PUSD and Pleasanton city staff partner for Youth in Government Day


Zaynah shah

Presenting to the student attendees, Julian Mireles speaks in the Firehouse Theater explaining the schedule for the day.

Zaynah Shah, AVT Editor

In a collaboration between the City of Pleasanton and the Pleasanton Unified School District, Youth in Government Day was held on Thursday, Mar. 31. The goal of the event was for students to learn about the inner workings of their city at the professional level.

“Youth in Government Day is a day where staff in both our largest public agencies, the City of Pleasanton and the Pleasanton Unified School District, provide their time to educate our young professionals on what they do, and how to get involved with their community,” said Pleasanton Library and Recreation Coordinator Julian Mireles.

Student attendees were set to shadow two different city professionals throughout the day, spending two hours with each. Larissa Seto, an assistant city attorney, spent the day as a role model with the intent to clear up assumptions regarding what really occurs in the city’s legal department.

“I’ll have a chance to show these kids some of the issues that affect their daily lives, whether it’s the First Amendment and things like racial equity protests, or things such as what happens when one is at a traffic stop. I hope to show the students that shadow me today that there’s an opportunity for a lot of different jobs at a city level,” said Seto.

City officials meet with their student shadows and provide a summary of the day before taking off. (Zaynah Shah)

As an event catered towards the city’s teens, the Pleasanton Youth Commission played a key role in facilitating the day’s activities. While having worked to address formal matters surrounding youth, the Public Policy subcommittee takes the responsibility of organizing the technical details in this annual event.

“Working as a subcommittee, we were able to hold informational meetings and get the marketing materials out for the public to see. Once we got enough sign-ups, we had to match up each applicant with their corresponding city official or employee and finalize who will take them around the city,” said Kristina Costanzo (‘22), Vice Chair of the Youth Commision.

When the pandemic hit, Youth in Government Day was canceled for safety precautions, and city efforts were moved elsewhere. The following year, the event was held online where city officials gave short presentations to their small audience. With the loosening restrictions, Mireles was excited to finally host the annual event in-person.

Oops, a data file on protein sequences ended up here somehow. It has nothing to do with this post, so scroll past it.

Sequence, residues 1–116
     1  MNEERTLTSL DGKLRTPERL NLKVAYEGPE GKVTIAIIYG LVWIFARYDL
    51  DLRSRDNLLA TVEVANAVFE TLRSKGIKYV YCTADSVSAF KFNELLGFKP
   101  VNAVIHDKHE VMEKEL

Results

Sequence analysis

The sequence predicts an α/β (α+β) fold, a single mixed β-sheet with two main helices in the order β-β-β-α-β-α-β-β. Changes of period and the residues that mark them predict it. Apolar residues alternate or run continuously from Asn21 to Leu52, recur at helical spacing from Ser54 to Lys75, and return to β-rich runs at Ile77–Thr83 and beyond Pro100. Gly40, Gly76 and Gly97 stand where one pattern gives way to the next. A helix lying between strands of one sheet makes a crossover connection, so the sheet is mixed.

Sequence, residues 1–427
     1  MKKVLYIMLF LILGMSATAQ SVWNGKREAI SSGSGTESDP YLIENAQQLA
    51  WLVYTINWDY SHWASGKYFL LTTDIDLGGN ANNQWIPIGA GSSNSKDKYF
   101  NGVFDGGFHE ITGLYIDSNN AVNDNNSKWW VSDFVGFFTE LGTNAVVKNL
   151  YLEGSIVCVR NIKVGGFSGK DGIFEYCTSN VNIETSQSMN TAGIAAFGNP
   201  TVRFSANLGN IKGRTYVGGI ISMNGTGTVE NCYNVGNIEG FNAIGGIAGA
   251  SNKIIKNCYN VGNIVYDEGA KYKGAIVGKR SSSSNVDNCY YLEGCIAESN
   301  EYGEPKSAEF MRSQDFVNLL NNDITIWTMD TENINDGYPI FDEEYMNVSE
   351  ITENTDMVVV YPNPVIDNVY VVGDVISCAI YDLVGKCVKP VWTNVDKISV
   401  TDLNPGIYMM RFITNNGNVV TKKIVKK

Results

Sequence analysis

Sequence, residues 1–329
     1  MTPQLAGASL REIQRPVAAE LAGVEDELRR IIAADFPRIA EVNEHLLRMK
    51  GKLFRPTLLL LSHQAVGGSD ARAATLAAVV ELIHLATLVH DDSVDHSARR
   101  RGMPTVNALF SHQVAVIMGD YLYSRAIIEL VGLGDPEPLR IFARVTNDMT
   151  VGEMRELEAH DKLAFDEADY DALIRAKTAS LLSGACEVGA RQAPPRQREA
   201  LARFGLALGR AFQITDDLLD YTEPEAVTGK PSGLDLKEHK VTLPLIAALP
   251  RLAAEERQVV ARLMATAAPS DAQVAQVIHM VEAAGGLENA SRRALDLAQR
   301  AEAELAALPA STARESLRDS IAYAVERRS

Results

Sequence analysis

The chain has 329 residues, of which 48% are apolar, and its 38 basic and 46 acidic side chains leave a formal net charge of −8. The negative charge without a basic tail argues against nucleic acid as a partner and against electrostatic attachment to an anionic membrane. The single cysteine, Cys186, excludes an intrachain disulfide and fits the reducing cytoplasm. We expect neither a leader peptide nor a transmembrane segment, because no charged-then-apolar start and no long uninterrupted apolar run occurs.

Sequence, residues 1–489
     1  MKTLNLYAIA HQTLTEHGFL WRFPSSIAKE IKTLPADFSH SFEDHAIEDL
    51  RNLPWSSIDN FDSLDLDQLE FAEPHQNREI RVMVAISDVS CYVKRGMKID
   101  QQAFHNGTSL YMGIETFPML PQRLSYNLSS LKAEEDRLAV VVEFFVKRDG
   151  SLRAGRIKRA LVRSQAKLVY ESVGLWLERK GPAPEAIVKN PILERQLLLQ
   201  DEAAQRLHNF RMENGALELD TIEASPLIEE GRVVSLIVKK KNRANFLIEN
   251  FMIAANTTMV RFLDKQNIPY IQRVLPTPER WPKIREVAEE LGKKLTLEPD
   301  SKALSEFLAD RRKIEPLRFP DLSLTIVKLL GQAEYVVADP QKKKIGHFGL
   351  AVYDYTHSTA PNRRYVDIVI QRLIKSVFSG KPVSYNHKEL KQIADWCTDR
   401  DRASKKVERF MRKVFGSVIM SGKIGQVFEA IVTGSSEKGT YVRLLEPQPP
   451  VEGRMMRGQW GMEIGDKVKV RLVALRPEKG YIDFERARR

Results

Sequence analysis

“Our expected turnout was 50 applicants and today we had a total of 45 participating students. The full total student participation is 48 which includes three Pleasanton Youth Commissioners. The success in this event is not solely based on the amount of students that participate, but out of what they are able to learn,” said Mireles.

Hoping to better understand the inner workings of Pleasanton’s local government, Anika Parkhi (‘24) observed city attorney Dan Sodergren and city engineer Steve Kirkpatrick. Throughout the day, she was able to discuss the social and political issues facing the city, and receive hands-on experience within a local building site.

Students who applied in the month prior to the event were able to skip school, and were gathered in the Firehouse Arts Center to begin their day. (Zaynah Shah)

“I believe that my experience from Youth in Government Day was really insightful and instrumental in helping me narrow down my choices for career paths. I learned exactly how much thought and effort goes into each of the city’s decisions, and that everything is precisely planned to ensure the city can continue operating smoothly,” said Parkhi.

Throughout the event, guest speakers were invited to share their experiences working in the city, as well as the wisdom that they wished to impart on the attendees. PUSD Superintendent Dr. David Haglund told of his hopes to inspire the new generation of students to pursue their dreams and follow what they believe is morally right.

“You’re not allowed to dislike something unless you can do something about it. I want every student to go on and make the world a better place in the way that makes the most sense to them. Take the passion, invest time over time and get involved in a local government or school district. Keep being curious, keep being passionate, keep following opportunities, and don’t let anyone tell you otherwise,” said Haglund.

To find out how to get involved in Pleasanton, more information can be found at the city website.